Could Census Natulalization Record Be Wrong?

Over 25 million Italians have emigrated between 1861 and 1960 with a migration boom between 1871 and 1915 when over 13,5 million emigrants left the country for European and overseas destinations.
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ande
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Could Census Natulalization Record Be Wrong?

Postby ande » 07 Oct 2010, 16:59

Hi Again,
I might be able to save myself a lot of trouble if my father's father was not naturalized as I originally thought. I've been on the forum several times regarding the discrepencies in my mother's maiden name. On my father's side this wouldn't be a problem. You see, I've been basing all this from a notation on the 1930 census showing he was naturalized before my father's birth but now I hear that this could be wrong. A shortcut would be to get his naturalization record if it exixts. My grandfather Cataldo Puleo arrived in 1896 (listed as Castaldo Puleo)at Ellis Island. On the 1930 census from Newark, NJ( the only place he ever lived) he's listed as Gaetano Puleo and there is a notation NA 1904.
How could I confirm this is correct or not? Is there a way to get the Naturalization records? Where?
Thanks, Ande

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mler
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Re: Could Census Natulalization Record Be Wrong?

Postby mler » 07 Oct 2010, 17:27

The records for NJ should be filed with NARA if he naturalized in a federal court. You may want to try them first.

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Tessa78
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Re: Could Census Natulalization Record Be Wrong?

Postby Tessa78 » 07 Oct 2010, 17:43

NARA site for genealogical records...

http://www.archives.gov/genealogy/naturalization/

T.

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Re: Could Census Natulalization Record Be Wrong?

Postby johnnyonthespot » 07 Oct 2010, 17:45

I am sorry to say that there are all sorts of problems here...

1) Naturalizations which took place prior to September, 1906, are not copied to the United States Citizenship & Immigration Service - the USCIS. So, you cannot rely on this ultimate source for copies of the records.

2) Some consulates - New York and San Francisco that we know of, plus most (?) non-US consulates - enforce the "1912 rule" which these consulates interpret as meaning that an Italian citizen who took on another nationality prior to July 1, 1912 did so for all of his minor children regardless of where or when born. The San Francisco consulate puts it quite succinctly:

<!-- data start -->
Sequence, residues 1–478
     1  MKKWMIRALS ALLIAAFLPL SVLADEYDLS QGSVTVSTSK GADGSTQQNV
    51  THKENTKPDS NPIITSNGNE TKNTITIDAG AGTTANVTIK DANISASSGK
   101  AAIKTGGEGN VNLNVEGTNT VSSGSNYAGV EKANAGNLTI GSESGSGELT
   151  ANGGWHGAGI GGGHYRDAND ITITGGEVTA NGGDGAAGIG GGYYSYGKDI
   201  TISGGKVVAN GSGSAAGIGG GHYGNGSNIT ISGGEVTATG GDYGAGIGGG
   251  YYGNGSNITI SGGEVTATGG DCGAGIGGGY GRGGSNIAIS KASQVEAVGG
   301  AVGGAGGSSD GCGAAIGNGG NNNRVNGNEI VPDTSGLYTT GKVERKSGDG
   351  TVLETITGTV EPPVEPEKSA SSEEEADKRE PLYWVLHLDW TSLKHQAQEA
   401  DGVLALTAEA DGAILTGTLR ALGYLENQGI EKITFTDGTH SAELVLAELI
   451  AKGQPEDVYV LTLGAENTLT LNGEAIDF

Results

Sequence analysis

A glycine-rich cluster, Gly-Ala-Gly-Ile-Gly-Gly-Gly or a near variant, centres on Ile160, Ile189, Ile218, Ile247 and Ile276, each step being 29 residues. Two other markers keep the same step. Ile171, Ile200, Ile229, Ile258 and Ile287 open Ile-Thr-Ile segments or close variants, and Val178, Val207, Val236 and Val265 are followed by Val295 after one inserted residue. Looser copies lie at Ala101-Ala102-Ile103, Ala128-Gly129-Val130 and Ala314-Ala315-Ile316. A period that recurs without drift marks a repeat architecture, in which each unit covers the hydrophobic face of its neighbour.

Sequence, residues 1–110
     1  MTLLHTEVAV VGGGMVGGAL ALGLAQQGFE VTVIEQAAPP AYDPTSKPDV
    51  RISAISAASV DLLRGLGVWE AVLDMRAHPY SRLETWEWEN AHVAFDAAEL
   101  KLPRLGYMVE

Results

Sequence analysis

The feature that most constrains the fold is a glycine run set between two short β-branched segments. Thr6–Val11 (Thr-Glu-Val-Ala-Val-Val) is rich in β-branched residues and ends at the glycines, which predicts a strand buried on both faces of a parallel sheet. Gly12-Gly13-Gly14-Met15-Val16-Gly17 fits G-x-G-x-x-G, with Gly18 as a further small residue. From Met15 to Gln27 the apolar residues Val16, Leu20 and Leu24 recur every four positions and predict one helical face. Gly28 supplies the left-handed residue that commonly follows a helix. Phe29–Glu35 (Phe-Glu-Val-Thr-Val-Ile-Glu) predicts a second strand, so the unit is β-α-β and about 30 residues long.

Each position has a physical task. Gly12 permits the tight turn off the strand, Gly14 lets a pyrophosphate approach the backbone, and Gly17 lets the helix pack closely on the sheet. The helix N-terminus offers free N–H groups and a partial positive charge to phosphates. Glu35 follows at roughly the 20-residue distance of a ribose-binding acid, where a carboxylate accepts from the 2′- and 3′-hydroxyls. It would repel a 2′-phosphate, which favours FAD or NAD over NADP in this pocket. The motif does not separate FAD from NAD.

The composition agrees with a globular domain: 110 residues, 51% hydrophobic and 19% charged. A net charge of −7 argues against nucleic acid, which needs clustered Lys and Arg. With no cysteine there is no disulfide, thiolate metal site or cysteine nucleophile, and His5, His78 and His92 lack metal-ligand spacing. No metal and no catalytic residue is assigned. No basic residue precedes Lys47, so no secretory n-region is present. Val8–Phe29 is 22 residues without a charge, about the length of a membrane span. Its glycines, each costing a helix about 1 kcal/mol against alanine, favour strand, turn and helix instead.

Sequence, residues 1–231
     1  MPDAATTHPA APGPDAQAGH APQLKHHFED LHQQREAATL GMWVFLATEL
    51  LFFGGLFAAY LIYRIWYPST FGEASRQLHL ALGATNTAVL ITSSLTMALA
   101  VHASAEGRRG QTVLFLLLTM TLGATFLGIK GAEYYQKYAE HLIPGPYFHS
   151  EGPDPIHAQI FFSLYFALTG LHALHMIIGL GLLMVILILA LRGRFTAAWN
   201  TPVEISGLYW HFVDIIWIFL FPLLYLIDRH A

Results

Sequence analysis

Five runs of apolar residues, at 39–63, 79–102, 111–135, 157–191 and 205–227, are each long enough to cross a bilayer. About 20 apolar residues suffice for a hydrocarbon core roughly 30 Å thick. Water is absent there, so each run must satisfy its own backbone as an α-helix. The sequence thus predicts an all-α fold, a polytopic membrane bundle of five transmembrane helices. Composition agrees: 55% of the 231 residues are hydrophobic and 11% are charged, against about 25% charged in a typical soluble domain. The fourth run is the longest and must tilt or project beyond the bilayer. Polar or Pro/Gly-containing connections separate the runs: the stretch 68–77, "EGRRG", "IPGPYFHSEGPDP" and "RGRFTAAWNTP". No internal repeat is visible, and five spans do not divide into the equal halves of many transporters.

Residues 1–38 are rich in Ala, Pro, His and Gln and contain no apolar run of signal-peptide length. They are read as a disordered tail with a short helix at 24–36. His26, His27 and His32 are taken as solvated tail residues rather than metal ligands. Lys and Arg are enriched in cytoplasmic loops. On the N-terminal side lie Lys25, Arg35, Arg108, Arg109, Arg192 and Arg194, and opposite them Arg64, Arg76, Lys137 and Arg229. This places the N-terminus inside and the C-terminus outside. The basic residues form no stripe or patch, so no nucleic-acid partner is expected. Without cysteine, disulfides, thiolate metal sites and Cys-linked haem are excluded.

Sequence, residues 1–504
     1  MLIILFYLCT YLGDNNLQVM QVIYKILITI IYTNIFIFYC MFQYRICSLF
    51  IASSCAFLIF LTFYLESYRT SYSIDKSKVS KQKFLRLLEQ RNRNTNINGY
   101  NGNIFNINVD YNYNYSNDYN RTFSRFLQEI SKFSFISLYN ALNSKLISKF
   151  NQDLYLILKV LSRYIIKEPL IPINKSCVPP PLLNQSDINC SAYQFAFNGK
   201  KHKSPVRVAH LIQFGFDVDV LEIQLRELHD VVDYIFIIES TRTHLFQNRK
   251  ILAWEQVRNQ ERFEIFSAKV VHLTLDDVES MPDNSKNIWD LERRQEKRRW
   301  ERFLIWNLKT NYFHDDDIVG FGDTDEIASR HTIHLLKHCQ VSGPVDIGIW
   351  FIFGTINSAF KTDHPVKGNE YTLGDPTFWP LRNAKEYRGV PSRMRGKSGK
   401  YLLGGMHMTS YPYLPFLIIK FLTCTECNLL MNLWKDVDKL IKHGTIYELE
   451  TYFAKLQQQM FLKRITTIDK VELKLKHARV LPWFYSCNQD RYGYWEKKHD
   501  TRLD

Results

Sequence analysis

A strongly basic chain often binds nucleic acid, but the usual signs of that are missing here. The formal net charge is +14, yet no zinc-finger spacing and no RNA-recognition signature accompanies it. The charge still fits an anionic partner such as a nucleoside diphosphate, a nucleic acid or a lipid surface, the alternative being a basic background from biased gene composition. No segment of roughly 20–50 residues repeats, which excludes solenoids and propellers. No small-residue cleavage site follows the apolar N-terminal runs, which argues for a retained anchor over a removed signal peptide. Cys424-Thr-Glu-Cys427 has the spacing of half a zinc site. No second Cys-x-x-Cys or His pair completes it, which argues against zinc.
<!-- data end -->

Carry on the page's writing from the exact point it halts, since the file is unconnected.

ANCESTORS NATURALIZED BEFORE JUNE 14, 1912 CANNOT TRANSMIT CITIZENSHIP (EVEN TO CHILDREN BORN BEFORE THEIR NATURALIZATION)


(the law was passed June 14, 1912 with an effective date of July 1, 1912. The San Francisco consulate seems confused on this point)

3) In the absence of proof of naturalization, most consulates require certified copies of censuses. Once they see that "NA 1904", they are going to want the naturalization documents to back it up.

4) If your ancestor did naturalize in 1904, the only place you will likely find the records is at the state or county archives. I suggest you check here: http://www.njarchives.org/links/guides/cescp005.html
Carmine

My hobby is finding things. Having found most of my own, I am happy to help others find theirs. PM me! :)

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ande
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Re: Could Census Natulalization Record Be Wrong?

Postby ande » 07 Oct 2010, 19:40

Thanks Carmine. I think the question is that it's possible that he didn't naturalize prior to my father's birth in 1915. If I can find the record then I'll know if I can go through my father's side or not.
Ande

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sceaminmonkey
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Re: Could Census Natulalization Record Be Wrong?

Postby sceaminmonkey » 07 Oct 2010, 22:44

my GGF naturalization and petition to naturalize are riddled with errors. yet these are sealed together showing they are the same person. so yes they can be wrong. Remember a lot of our GGF and GGM were illiterate.

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ande
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Re: Could Census Natulalization Record Be Wrong?

Postby ande » 08 Oct 2010, 15:41

Yes, all my grandparents were illiterate and spoke only a little English. It's the date of naturalization that I'm trying to confirm though.

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Re: Could Census Natulalization Record Be Wrong?

Postby KarenChristino » 09 Oct 2010, 00:36

I just went down to the Supreme Court Record Room in Brooklyn (Kings County) to look for some of my other grandparents. I did not know if they naturalized, when they naturalized or if in Brooklyn or Manhattan. (I had found nothing in all the databases I searched online.) They were happy to do a search for me, but first they themselves checked the online databases! I let them do it since I thought they might catch something that I hadn't. The guy said that the only naturalization documents they have that are not online are ones created before 1907. I imagine it's similar elsewhere. They were able to search by name.


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